The Department of Energy (DoE) Office of Inspector General (OIG) released a report on Oct. 19 that found several weaknesses in the cybersecurity program at DoE in fiscal year 2018, including recurring issues in vulnerability management, patching, and formal cybersecurity training policies.
While DoE has made progress on addressing some of its cybersecurity gaps, the same types of weaknesses have emerged in successive years. OIG noted that the department had “made progress remediating weaknesses” from its FY 2017 evaluation, and DoE was able to close all 12 of its prior-year weaknesses.
But while the department made progress in correcting cybersecurity gaps flagged in FY 2017, OIG said that in FY 2018 it “identified weaknesses that were mostly consistent with our prior reports related to vulnerability and configuration management, system integrity of Web applications, access controls, security awareness and privacy training, and security control testing.”
The FY 2018 review revealed the same type of weaknesses present in FY 2017, but at new locations within the expanse of DoE’s labs and offices. The specific sites were not disclosed in the public report “due to the sensitive nature of the vulnerabilities identified.”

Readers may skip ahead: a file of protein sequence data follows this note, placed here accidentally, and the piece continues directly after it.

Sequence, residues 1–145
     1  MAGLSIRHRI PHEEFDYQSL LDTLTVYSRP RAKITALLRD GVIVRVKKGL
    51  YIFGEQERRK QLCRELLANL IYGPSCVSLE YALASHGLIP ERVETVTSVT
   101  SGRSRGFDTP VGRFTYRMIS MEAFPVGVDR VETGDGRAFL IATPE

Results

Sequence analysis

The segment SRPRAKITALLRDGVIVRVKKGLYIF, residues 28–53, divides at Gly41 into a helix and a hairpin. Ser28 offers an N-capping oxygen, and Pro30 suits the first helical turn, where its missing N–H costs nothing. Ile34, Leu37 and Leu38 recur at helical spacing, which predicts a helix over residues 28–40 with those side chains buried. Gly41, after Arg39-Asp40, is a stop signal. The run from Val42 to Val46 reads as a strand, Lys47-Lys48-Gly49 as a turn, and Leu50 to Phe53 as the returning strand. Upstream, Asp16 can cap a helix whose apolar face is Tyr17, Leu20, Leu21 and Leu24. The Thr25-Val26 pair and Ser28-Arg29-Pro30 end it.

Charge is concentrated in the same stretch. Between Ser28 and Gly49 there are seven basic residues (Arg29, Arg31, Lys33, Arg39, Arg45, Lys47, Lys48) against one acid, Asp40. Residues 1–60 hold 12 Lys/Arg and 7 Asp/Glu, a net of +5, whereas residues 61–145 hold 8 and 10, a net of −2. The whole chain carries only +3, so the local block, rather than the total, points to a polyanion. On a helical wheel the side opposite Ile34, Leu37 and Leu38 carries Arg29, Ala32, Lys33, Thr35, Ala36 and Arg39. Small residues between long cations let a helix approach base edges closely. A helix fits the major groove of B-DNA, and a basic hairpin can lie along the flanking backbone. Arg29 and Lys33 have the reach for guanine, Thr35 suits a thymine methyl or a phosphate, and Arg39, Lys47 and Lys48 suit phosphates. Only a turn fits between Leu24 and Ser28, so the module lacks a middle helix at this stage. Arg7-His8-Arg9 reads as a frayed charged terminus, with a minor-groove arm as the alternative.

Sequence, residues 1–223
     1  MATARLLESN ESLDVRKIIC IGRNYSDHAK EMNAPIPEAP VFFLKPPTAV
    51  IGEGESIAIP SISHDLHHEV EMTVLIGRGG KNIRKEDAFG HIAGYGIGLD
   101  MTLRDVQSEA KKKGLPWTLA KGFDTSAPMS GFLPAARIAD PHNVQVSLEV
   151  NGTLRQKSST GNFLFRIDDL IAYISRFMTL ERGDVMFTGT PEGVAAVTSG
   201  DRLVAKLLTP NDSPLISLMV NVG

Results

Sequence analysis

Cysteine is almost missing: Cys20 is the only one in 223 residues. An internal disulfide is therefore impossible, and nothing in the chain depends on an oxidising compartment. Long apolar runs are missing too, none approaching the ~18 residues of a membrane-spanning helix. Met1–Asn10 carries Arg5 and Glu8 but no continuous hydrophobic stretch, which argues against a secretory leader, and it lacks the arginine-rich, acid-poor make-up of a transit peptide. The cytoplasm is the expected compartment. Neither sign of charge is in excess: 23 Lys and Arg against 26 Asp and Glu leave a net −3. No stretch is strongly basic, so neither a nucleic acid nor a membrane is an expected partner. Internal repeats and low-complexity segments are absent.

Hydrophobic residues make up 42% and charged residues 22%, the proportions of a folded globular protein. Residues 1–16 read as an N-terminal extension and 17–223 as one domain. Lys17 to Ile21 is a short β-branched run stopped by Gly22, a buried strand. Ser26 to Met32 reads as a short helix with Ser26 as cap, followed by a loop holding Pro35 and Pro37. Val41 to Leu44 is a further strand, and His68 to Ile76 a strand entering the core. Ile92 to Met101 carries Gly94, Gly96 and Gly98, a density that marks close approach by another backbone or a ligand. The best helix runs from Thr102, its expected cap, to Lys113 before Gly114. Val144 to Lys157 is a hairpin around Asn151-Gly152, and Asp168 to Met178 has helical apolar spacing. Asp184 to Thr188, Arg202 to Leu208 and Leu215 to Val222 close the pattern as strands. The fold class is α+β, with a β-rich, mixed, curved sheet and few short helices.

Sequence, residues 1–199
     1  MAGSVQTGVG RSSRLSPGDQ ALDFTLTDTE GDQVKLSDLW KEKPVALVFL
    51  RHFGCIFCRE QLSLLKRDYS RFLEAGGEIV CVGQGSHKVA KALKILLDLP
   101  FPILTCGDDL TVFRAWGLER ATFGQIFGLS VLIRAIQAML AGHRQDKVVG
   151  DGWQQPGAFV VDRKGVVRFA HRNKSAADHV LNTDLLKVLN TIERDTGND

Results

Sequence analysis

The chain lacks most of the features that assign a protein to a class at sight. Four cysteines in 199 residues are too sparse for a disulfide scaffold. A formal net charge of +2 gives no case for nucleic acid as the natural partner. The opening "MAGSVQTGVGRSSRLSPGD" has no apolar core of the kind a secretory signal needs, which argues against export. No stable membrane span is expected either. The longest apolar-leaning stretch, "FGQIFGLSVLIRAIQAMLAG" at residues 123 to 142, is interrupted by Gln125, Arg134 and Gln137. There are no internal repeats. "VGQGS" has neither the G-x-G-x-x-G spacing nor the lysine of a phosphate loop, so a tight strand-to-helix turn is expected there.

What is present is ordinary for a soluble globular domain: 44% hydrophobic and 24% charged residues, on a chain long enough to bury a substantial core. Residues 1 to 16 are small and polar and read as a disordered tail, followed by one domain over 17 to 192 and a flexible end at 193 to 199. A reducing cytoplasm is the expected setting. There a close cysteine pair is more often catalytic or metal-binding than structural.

OIG issued 25 program- and site-specific recommendations to the department in order to address the range of cyber gaps. It also issued one overall recommendation that the agency “ensure appropriate emphasis is placed on correcting identified cybersecurity weaknesses.”
The evaluations took place at 27 locations, “primarily under the purview of the National Nuclear Security Administration, Under Secretary for Science, Under Secretary of Energy, and other staff offices,” and reviewed several aspects of the locations’ unclassified cybersecurity programs.
Of note, at least 10 locations “continued to use software on workstations and servers that were missing security patches or were no longer supported by the vendor,” four locations had access control weaknesses, two locations had weaknesses in the system integrity of Web applications, three locations failed to develop or implement role-based security training for all users–with “a significant number of users with overdue training”–and one location “could not demonstrate that it had completed a thorough assessment of all required security controls as part of its continuous monitoring process.”
“Without improvements to address the weaknesses identified during our evaluation, the Department’s information systems and data may be at a higher-than-necessary risk of compromise, loss, and/or modification,” the report states.
DoE management concurred with the report’s recommendations and said corrective actions were planned to address the issues.